Hainosaurus is an extinct genus of marine lizard belonging to the mosasaur family. It was one of the largest
New mosasaur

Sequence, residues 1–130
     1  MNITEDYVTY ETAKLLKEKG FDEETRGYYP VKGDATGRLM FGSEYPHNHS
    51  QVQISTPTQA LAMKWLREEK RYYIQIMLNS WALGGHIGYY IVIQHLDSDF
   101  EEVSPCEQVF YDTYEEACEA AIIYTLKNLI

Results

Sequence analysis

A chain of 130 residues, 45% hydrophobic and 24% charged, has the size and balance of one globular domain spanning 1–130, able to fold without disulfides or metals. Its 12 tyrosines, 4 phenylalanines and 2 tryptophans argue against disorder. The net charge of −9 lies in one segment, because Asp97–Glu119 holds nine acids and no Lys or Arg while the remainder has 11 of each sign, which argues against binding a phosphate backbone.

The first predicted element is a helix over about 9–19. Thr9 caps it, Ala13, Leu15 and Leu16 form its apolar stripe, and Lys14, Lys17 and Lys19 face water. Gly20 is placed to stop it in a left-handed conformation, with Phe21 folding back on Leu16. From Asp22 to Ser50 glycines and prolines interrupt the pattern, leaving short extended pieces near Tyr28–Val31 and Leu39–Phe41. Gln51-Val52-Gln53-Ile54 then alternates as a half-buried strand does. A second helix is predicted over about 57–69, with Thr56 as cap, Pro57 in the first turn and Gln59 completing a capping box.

mosasaurs, though its size has been revised more than once. At first it was estimated to be 17 metres (56 ft), and the largest mosasaurid. During the 1990s, its size was revised to 15 metres (49 ft) long. More recently, Johan Lindgren estimated that it reached lengths of up to 12.2 metres (40 ft). It was one of the top marine predators of the Late Cretaceous. Like other giant mosasaurs, this giant predator preyed on turtles, plesiosaurs, pterosaurs, cephalopods, sharks, fish, and smaller mosasaurs. Hainosaurus was a member of the Tylosaurinae, and it was related to the wholly North American Tylosaurus. However, it had more vertebrae from the neck to the part of the tail with chevrons (53) than Tylosaurus. Both genera are large marine Hainosaurus' tail has less chevron-bearing vertebrae, making it shorter than that of Tylosaurus. The only known species of Hainosaurus is H. bernardi, named after the Léopold Bernard, owner of the phosphate chalk exploitation where the fossil was unearthed. In a paper published in 2016, Hainosaurus was considered congeneric with Tylosaurus, but not everyone is convinced.
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